The account below has no date but would appear to be in the early 1900s, Faith being mentioned in the Club handbook for 1906. She was a 12 ton cutter but whether the good Doctors actually carried a "steward" or whether they'd taken the Club Steward on a jolly,I don't know. Note also the race times not just for the handicap system, but for the time it took to do the race for class A. This is why it was considered no mean feat to make Queenbrough on the tide! I apologise for the words containing ? , the original's part damaged.


Fred Finck.

ERITH YACHT CLUB, VESSEL STRUCK BY LIGHTNING, EXTRAORDINARY EFFECTS.


Two handicaps were brought off on Saturday last by the above named Club, being the commencement of the racing fixtures for the season. For class "A" boats the course was from Erith to the Ovens buoy, finishing at Gravesend, and prizes were offered by Messrs. Hoyes and Vining. For the second class the course was from Erith to Terrace Pier, Gravesend. Mr.T.R. Peckitt being the prize donor. Owing to the inclement weather, only a small company of members and friends witnessed the start , which was carried out under the direction of Mr.J.Streeten. The wind at the time was fair. Respecting the big class, six boats competed, the handicaps being as follow: Mr.A.I.Gaze's Lady Georgiana and Mr.F.Hole's
Knockabout, scratch; Mr.J.Stone's Virago 1 min. ;Mr.J. Lloyd's Bird o' Freedom, Mr.G.Hall's Volante and Drs. Ganney and Williams Faith, 3 min. A good start was effected at 3.15. The wind proved very variable. It got to ESE, but but half way down all the south went out of it, and it slapped round west , bringing a heavy thunderstorm with it. The lightning struck Faith inflicting damage. During the storm Knockabout forged ahead , and led round the Ovens, Lady Georgiana second and Volante third, but in the off chances which prevailed in working up to the finish Virago slipped in and took first prize, at 7h. 14min. 50 sec. ;Bird o'Freedom gaining second award, 7h.16 min. 30 sec. ; and Volante third, at7h. 17 min. 40 sec. In the second class the vessels competing were four in number, viz., Mr.C . Barham's Odd Trick, scratch; Mr. H.N. Lloyd's Sea Gull, 5 min, ; Miss Stone's Nellie, 7 min, ; and Mr.E.G. Hasselhuin's Maola, 14. min. The start was at three o'clock. Maola was too previous in crossing the line and was recalled. Odd Trick had it all her own way and won at 4h. 40min. 15sec., beating Sea Gull by 6 min., Nellie being third ? min. later. Mr.J.Wood-Jiggins was the officer of the day at Gravesend and was an Erith member.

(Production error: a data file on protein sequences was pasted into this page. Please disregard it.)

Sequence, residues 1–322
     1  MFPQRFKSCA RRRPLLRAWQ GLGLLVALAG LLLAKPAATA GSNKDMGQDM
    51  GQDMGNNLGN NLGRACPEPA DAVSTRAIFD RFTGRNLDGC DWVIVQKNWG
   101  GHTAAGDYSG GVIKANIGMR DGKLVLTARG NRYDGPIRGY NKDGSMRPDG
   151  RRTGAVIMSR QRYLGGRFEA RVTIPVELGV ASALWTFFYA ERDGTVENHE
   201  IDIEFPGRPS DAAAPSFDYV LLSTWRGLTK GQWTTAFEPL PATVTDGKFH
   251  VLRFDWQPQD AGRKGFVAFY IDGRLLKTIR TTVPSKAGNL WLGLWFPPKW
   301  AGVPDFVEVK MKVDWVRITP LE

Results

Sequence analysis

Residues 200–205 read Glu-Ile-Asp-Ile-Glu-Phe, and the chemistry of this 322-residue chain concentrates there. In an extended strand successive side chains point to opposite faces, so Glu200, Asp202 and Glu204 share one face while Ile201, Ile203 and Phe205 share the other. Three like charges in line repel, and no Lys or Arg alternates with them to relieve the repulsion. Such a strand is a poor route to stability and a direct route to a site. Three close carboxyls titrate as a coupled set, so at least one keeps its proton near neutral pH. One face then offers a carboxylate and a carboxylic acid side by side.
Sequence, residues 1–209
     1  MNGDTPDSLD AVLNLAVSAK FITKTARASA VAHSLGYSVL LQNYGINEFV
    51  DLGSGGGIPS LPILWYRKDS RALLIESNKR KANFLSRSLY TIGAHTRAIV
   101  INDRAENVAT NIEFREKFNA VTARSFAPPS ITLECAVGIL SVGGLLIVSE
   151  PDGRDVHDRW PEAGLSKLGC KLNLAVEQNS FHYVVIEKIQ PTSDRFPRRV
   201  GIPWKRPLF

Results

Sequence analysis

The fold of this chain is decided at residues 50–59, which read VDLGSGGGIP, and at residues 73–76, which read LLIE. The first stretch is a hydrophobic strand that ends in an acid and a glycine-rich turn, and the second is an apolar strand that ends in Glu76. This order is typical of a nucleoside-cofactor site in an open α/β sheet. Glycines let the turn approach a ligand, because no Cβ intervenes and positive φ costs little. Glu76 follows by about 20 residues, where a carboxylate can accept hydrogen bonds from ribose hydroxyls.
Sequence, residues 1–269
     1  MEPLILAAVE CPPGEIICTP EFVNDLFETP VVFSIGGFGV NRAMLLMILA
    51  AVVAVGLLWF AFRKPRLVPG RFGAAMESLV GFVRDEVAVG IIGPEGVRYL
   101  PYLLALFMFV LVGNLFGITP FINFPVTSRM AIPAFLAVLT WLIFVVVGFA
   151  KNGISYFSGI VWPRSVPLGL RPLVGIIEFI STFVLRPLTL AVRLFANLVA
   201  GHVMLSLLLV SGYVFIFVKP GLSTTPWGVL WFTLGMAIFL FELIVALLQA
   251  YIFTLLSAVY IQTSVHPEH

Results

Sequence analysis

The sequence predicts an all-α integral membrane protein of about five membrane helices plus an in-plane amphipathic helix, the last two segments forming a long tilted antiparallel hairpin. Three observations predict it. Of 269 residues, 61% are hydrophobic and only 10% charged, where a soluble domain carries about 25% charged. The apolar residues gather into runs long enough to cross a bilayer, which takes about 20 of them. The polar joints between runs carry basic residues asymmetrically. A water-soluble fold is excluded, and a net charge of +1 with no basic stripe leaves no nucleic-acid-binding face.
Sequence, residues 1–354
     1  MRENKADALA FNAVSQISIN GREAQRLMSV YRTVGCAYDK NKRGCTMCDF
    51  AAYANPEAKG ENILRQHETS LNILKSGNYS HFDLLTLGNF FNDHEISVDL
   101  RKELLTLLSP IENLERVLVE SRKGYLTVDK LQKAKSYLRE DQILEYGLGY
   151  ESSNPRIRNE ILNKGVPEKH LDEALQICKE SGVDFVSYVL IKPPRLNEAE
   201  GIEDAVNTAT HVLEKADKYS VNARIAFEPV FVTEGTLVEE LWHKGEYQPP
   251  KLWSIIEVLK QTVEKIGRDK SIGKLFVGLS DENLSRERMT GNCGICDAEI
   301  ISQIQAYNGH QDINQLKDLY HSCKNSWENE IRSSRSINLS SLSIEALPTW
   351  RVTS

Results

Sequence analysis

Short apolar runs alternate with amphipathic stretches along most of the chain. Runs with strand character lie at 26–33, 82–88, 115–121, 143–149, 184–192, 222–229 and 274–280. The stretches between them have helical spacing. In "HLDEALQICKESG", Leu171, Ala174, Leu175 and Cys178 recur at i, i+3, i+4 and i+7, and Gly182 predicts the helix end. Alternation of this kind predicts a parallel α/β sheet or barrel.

As to the mishap to Faith, those aboard must consider themselves fortunate in escaping injury. They were four in number - Ganney and Williams ( the owners ), Mr W.E. Nicoll ( secretary of Woolwich Electricity Co.), and the steward. Dr.Ganney was at the helm, and the boat was going down on th port tack, when a sudden flash of lightning followed by a terrific burst of thunder, struck the mast, tearing the flag into shreds. It split the truck and the starboard topmast stay; then, passing down; it dislocated a tank containing 50 gallons of water and entering the cabin scorched the roof and walls, while some of the timber caught fire. Every piece of crockery in the small pantry was broken, and a number of eggs exploded " like torpedoes." The content of the eggs bespattered the steward from head to foot, and he was completely knocked out of the cabin by the concussion caused by the lightning striking the boat. The fire was quickly put out. The occupants felt effects of the shock. It was at first thought that one of the Tilbury fort guns had fired on the yacht by accident.



   
© Erith Yacht Club